Why do we make it so hard for our airline passengers?

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Without putting too fine a point on it, they are not very pleasant people. Indeed, they are downright nasty on occasions, and Herself usually dismisses them from conversations by suggesting that the good bit about the fact that they are married to each other is that it stops them from lousing up two other people’s lives. As she succinctly puts it, they are absolutely made for each other.

I feel much the same way after reading about the unseemly, not to mention damaging to our tourism industry, spat between Jersey Airport and Flybe – a pair absolutely made for each other if ever I saw one.

The sad fact of the matter is that while these two outfits were arguing like a couple of ten-year-olds about whose football it was that broke the window, thousands of their customers were forced to queue outside the departures hall while staff from other unaffected airlines tried to sort out where their passengers were. Lucky it wasn’t chucking it down, because had it been there might well have been a riot

I know I’m only a simple country boy, but it seems to me that this domestic dispute, family tiff, call it what you will, has as its cause that for which this small rock is getting a dreadful reputation – a religion which decrees that its followers worship at the golden altar of greed.

On the one hand you have an airline which seems to pride itself on sheltering behind the small print of its deal with its passengers which includes credit card fees for each passenger on each leg of a single booking and excess baggage charges which could well make its customers wish they’d popped into a post office on the way to the Airport and sent their suitcases home by parcel post.

On the other hand you have the administration of a States department – let’s not forget that although we no longer have a Harbours and Airport Committee, the Airport is still publicly owned – which has so drastically reduced in size a fine, airy and comfortable area, in which departing passengers could check in and then enjoy time spent with those seeing them off, to something akin to conditions in which battery hens are reared.

And both outfits have done this in pursuit of money – money which, if there are many more miserable occasions like that reported recently, they have precious little hope of getting because there surely must be a diminishing number of tourists with a recession-hit diminishing amount of cash in their pockets who are prepared to put up with this Third World way of doing business.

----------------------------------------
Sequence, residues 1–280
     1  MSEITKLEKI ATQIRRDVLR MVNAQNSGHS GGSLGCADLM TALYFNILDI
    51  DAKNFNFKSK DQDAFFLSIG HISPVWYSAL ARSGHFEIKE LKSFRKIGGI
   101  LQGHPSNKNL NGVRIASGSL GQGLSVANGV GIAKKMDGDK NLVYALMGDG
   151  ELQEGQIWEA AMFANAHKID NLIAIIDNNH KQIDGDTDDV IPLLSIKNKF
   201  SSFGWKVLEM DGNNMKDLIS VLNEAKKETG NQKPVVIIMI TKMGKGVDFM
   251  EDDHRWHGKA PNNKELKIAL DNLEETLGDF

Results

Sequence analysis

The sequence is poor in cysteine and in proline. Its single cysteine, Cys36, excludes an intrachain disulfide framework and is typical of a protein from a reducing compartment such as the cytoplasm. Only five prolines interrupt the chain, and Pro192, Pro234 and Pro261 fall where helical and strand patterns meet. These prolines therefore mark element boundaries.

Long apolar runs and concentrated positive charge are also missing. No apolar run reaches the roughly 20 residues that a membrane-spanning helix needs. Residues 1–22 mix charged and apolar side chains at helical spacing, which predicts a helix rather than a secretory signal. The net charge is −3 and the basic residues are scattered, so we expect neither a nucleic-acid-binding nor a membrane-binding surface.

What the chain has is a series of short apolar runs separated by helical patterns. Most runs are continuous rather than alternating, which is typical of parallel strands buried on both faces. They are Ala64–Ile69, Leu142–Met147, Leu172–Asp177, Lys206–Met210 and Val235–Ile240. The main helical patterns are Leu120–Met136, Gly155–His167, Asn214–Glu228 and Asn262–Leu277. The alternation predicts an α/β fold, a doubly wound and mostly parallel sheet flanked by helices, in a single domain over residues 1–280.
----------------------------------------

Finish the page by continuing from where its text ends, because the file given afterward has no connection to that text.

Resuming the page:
As for Flybe’s chief apologist suggesting that coincidentally the chaos came just a day after the official opening of the redeveloped departures hall ‘with a huge reduction in the waiting area and the next day we have people queuing outside the building’ – does he think everyone is stupid bar him?

The area Ian Taylor’s company had available to handle their passengers on this occasion was precisely the same as they had a week, a month and almost certainly a year earlier. It was an official opening, not the first day of operation, Mr Taylor.

As for the extremely thinly veiled threat implicit in his ‘it is very unfortunate to say the least that Jersey Airport has chosen to make accusations against its biggest customer’ statement, does that somehow make it desirable for the Island of Jersey (rather than just one airline thinking solely of itself, it appears) to tolerate having thousands of its guests queuing outside an airport just because neither Flybe nor the Airport can get their act together?

I doubt very much whether former Harbours and Airports presidents (or their counterparts at Tourism) would have put up with this sort of nonsense. Heads would have either been banged together or they would have rolled. What a shameful image we portray these days.

I see that the Jersey Hospitality Association (they used to be the Hotel and Guesthouse mob when Noah was a boy) are offering a number of courses in their training programme and I applaud their initiative, although I know the venture is not a new one.

However, and it’s a big however, I see also that each course tutor is fluent in the language specified – Polish, English and Portuguese are listed – and examination papers will also be provided in those languages.

Sorry, I may have missed something here, and I’ve been off my customary helpings of calvados since slipping on Herself’s newly mown lawn, but aren’t we an English-speaking crowd over here and aren’t most of those who visit on holiday English speaking also?

This isn’t a racist comment. This column was advocating votes for all Island residents and not just the British when the politically correct pinkos who are likely to criticise me were probably still in nappies. It is simply a practical one.

How on earth will we achieve the sort of assimilation into the wider community of those who choose to live and work here but for whom English is not their first language if we remove at every step the principal incentive to learn what is by far the most common spoken here?

If I had a job working behind the bar in my mate’s restaurant in Avranches, I doubt I’d hold it for long if I didn’t speak, or try to speak, French.

AND finally … No doubt I’ll get it in the neck from my ‘God Bless America’ critics, but there can be few things more barbaric than postponing a man’s execution for a week because those appointed to kill him couldn’t find a vein large enough to take the lethal needle. The man was sentenced before one of that lot in the Big House was even born. The land of the free indeed.

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